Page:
MP sparks benefits furore

Mark Spencer MP.
Mark Spencer MP.

Hucknall MP Mark Spencer’s comments about a jobseeker with learning difficulties, who was left without food or electricity after he was four minutes late for a Jobcentre interview, have sparked a backlash from constituents.

The remarks were made during a debate on poverty in Britain on Wednesday 4th February in Parliament after Labour MP Lisa Nandy, the shadow civil society minister, told of a vulnerable man from Wigan who suffered when his benefits were stopped under the controversial sanctions regime.

Mr Spencer said that people like him needed to learn ‘the discipline of timekeeping’, and suggested the education system needed to improve to cure the constituent’s learning difficulties.

He added: “I hope that the Hon. Lady appreciates that people who work very hard, and who might be earning very small amounts from working 50 hours a week, have to turn up to work on time. If they are late for their employment, they might be sanctioned by their employer.”

Hucknall folk took to Facebook to vent their anger, and agreement, after the story spread as far as the US political publication The Huffington Post.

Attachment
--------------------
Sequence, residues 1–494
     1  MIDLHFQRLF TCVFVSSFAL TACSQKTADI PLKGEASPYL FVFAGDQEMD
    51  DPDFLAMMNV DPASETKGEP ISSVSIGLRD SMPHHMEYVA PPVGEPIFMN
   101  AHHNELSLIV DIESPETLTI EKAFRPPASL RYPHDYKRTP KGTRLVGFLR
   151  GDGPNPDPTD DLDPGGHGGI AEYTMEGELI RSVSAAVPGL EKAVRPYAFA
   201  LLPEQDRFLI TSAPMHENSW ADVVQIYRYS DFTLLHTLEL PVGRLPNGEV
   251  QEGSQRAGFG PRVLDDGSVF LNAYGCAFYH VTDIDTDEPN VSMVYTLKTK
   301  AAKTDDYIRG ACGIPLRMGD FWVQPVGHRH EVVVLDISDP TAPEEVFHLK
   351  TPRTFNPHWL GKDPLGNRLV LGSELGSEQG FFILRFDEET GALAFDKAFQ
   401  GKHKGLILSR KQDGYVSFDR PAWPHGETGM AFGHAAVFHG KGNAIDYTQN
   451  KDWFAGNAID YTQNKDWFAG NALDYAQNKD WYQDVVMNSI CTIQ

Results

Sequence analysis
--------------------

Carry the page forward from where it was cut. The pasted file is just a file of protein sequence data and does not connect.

Andy Coupe said: “If he had any respect he would resign from his office immediately.”

Kerry Dawson said: “As a tax payer I think the sanctions are an inhumane way of dealing with the unemployed, sick, disabled and most vulnerable.”

Speaking afterwards, Mr Spencer said: “They have twisted what I’ve said. I said that the normal people doing normal jobs, if they turn up late they would get their wages docked, and I stand by that. When it comes to people with learning disabilities, I think we should be helping them into work.”

Critics of the sanctions system, under which jobseekers can automatically lose their benefits for low-level offences like missing an interview with their Jobcentre adviser, have warned it drives people to rely on food banks to survive.